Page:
Sprint Suing AT&T Over Using Misleading “5GE” Tags For 4G LTE-Advanced

Being the first to offer 5G is something that could definitely help a carrier’s sales, so when AT&T customers started noticing that their Android phones were showing 5G symbols, eyebrows were raised. That was most definitely the case when those running the latest iOS 12.2 beta also noticed the same thing – especially considering 5G isn’t yet ready. The phones are showing a 5G E logo, which isn’t actually a real standard. To that end, Sprint is suing AT&T over the move.

In reality, 5G E is just a faster version of 4G, dubbed 4G LTE-Advanced. AT&T is simply branding it as 5G E, even though it’s not 5G at all. Users who see the symbol will no doubt be seeing improved speeds on their handsets, but that’s nothing to do with the 5G that everyone has been talking about for months.

As Engadget reports, Sprint has taken exception to the move, as you perhaps might expect.

Sprint has filed a lawsuit in federal court, seeking an injunction to prevent AT&T from using 5GE tags on its devices or advertising.

In its claim, Sprint said it commissioned a survey that found 54 percent of consumers believed the “5GE” networks were the same as or better than 5G, and that 43 percent think if they buy an AT&T phone today it will be 5G capable, even though neither of those things are true. Sprint’s argument is that what AT&T is doing is damaging the reputation of 5G, while it works to build out what it calls a ” legitimate early entry into the 5G network space.”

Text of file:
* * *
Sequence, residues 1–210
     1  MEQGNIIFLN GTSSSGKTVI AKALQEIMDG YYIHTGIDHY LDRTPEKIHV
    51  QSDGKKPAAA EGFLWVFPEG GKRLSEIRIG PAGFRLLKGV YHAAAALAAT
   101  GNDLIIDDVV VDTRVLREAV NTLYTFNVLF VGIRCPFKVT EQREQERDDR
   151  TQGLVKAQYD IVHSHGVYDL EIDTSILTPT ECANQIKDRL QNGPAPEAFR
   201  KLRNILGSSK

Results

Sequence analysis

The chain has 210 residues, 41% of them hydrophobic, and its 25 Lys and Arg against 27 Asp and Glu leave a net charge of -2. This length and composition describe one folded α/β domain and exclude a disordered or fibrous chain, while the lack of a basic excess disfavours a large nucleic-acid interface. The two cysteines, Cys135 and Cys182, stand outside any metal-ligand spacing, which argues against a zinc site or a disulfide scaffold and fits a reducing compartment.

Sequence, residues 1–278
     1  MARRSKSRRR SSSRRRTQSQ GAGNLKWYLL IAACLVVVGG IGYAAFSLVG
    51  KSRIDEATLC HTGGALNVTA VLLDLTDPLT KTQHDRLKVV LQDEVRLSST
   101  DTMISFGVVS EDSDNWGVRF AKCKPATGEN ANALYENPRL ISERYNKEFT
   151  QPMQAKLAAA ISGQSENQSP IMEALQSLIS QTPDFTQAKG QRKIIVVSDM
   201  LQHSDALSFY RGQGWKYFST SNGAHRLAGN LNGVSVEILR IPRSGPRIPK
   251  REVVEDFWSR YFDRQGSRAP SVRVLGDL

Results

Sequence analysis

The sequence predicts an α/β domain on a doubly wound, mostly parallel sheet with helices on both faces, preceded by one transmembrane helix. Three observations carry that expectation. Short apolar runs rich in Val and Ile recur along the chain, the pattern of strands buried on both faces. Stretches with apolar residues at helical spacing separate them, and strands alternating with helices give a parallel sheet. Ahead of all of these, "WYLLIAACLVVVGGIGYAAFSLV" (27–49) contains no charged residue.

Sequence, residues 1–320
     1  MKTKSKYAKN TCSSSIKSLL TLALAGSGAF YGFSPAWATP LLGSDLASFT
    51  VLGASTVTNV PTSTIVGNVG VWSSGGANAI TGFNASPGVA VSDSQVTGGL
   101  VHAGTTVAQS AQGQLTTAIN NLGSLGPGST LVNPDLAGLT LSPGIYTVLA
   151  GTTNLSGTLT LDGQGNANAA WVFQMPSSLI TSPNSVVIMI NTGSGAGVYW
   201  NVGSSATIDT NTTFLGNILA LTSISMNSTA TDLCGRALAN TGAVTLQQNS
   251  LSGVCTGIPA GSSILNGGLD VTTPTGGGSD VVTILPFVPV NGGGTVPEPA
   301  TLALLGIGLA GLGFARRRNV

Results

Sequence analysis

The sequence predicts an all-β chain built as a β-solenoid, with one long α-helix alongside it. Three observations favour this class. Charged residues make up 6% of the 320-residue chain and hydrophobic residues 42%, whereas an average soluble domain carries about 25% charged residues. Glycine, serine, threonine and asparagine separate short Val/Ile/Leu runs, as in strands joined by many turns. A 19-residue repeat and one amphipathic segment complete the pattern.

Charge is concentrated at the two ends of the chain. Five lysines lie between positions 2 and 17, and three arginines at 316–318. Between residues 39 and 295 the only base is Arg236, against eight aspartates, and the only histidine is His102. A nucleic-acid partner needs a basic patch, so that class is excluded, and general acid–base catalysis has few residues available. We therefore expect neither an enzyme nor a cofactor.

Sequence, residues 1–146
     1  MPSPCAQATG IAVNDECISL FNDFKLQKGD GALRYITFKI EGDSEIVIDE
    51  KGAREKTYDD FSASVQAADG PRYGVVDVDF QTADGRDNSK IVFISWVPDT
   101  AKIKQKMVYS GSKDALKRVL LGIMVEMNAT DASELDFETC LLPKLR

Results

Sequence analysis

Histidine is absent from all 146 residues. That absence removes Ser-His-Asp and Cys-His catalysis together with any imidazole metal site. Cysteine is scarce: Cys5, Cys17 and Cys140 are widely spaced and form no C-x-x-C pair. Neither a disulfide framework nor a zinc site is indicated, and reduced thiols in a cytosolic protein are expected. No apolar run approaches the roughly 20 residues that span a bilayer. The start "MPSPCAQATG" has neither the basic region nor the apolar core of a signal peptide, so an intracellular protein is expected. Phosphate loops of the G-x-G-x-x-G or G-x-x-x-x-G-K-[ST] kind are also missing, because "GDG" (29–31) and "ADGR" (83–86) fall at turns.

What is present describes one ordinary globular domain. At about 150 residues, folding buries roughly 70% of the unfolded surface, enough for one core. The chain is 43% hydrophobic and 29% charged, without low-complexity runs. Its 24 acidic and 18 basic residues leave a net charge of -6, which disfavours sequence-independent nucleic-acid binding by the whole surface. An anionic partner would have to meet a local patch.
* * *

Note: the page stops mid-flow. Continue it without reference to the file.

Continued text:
Equally predictable is AT&T’s response, with the carrier apparently of the belief it is doing nothing wrong.

5G Evolution and the 5GE indicator simply let customers know when their device is in an area where speeds up to twice as fast as standard LTE are available. That’s what 5G Evolution is, and we are delighted to deliver it to our customers.

We will fight this lawsuit while continuing to deploy 5G Evolution in addition to standards-based mobile 5G.

We’re pretty sure everyone who isn’t on AT&T’s payroll would argue that it is, indeed, misleading.

(Source: Engadget)

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